Energy Transition Lab Report: Renewable Energy Projects Offer Big Jobs Potential for Duluth Area

June 8, 2016

A new report from the University’s Energy Transition Lab (ETL), which is based at the Law School, finds that more than 2,000 renewable energy jobs could be added to the northeast Minnesota/northwest Wisconsin economy if a range of biomass and solar projects come to fruition.

The report, titled “Duluth’s Energy Future: Economic Modeling of Proposed Biomass and Solar Initiatives,” was produced in partnership with the Bureau of Business and Economic Research at the Labovitz School of Business and Economics, University of Minnesota, Duluth (UMD). Community leaders from Duluth’s city government, local businesses and nonprofit organizations, Minnesota Power, and UMD provided early-stage input regarding their visions for the area’s energy future.

“This report shows how investments in biomass and solar projects today could result in future economic, employment, and environmental benefits across the region,” said Ellen Anderson (’86), executive director of the Energy Transition Lab. “Additionally, the energy and products mentioned in the report will be produced by local resources rather than imported fuels.”

The report analyzes the economic impact of five proposed projects: the Grand Marais biomass district heating system, the Duluth energy systems plant retrofit and biomass conversion, a torrefaction processing plant, two biorenewable chemical production plants, and solar power production arrays. The geographic scope of the report includes the seven Minnesota counties of the Arrowhead region (Aitkin, Carlton, Cook, Itasca, Koochiching, Lake, and St. Louis) and Douglas County, Wisconsin.

Among the report’s key findings:

  • The total economic impacts from the construction of the four biomass projects could support nearly 1,600 jobs in the eight-county region.
  • The jobs mentioned above would result in an additional $83 million in labor income and would contribute roughly $154 million in value-added spending to the region’s gross regional product (GRP).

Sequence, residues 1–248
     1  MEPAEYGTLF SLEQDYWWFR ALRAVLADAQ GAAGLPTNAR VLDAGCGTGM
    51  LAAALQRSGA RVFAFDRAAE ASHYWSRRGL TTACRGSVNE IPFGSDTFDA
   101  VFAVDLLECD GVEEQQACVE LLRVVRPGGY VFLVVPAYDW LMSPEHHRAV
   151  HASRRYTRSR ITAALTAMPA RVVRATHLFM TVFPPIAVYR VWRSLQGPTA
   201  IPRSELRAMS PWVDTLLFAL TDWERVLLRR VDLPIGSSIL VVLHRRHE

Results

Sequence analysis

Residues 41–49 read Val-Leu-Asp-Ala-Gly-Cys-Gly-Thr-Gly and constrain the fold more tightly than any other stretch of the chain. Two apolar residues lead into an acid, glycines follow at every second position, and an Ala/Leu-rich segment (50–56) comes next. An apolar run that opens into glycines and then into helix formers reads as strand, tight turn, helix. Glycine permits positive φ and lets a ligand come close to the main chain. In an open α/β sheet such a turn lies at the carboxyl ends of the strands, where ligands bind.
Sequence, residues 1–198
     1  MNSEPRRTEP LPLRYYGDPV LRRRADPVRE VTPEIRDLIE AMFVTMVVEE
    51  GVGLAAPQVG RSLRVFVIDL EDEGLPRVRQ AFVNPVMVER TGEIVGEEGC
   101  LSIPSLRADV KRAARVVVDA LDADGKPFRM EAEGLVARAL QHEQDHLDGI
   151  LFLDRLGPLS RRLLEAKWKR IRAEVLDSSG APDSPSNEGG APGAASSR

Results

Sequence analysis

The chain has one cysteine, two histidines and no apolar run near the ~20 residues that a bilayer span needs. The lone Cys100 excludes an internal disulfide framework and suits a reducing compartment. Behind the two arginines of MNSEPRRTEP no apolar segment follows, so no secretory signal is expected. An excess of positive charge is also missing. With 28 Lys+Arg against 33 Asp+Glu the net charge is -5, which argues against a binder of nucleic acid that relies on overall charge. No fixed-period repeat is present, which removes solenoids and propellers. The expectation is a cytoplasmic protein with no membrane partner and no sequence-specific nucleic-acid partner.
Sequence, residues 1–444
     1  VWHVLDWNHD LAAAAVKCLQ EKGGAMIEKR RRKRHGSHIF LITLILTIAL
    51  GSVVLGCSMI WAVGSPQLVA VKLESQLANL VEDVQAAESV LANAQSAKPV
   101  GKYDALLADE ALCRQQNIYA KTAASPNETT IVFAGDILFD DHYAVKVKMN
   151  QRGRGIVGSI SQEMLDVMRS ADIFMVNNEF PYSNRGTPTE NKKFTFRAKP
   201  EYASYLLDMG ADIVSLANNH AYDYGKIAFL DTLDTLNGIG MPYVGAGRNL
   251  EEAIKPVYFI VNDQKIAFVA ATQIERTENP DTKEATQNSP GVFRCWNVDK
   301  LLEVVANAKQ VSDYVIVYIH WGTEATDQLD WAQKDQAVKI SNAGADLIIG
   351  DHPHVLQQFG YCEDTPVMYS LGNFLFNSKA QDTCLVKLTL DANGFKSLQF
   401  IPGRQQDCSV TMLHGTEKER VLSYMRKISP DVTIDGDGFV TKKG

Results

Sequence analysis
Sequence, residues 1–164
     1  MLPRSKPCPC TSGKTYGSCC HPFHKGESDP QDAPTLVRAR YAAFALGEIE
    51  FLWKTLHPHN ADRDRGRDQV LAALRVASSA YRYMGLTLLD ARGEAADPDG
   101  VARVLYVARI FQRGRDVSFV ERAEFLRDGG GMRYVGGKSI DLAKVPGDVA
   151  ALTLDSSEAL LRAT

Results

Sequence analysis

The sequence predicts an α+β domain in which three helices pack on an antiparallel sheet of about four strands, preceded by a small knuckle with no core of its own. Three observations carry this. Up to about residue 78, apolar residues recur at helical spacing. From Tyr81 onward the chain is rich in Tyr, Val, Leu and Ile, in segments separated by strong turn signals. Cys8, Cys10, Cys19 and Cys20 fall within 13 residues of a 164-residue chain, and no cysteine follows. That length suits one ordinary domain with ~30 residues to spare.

• The combined effects for a typical year of operations from the four projects would equate to more than 1,000 new jobs in the eight-county study area, an additional $54 million in wages, benefits, and proprietor income, and an $80 million contribution to the region’s GRP.
  • According to project stakeholders, the four biomass projects included in this study would require approximately 625,000 tons of biomass each year, the equivalent of approximately 300,000 cords. This represents roughly 9% of 2012 harvest levels.
  • Overall, an additional $320 million in annual local production (i.e., sales and revenue) would be created in the region as a result of the four proposed biomass facilities.
  • For both construction and operations, the largest effects come from the biorenewable chemical plants, which represent more than 70% of the combined effects from construction of the four projects and roughly 90% of the impacts from operations.

 “It is important for the state to be considering new economic options as the mining sector undergoes transitions,” said Monica Haynes, director of the Bureau of Business and Economic Research. “These renewable energy jobs could prove to be very beneficial to the Arrowhead region.”

The Energy Transition Lab is a strategic initiative of the University of Minnesota’s Institute on the Environment in partnership with the Office of the Vice President of Research and the Law School. For more information, visit energytransition.umn.edu.

The report was made possible by funding from the McKnight Foundation. Duluth Energy Systems, Ecolibrium 3, the Great Plains Institute, Innovative Power Systems, and the Natural Resources Research Institute contributed data to the analysis.

Blatnik Bridge, Duluth, Minn.
Blatnik Bridge, Duluth, Minn.

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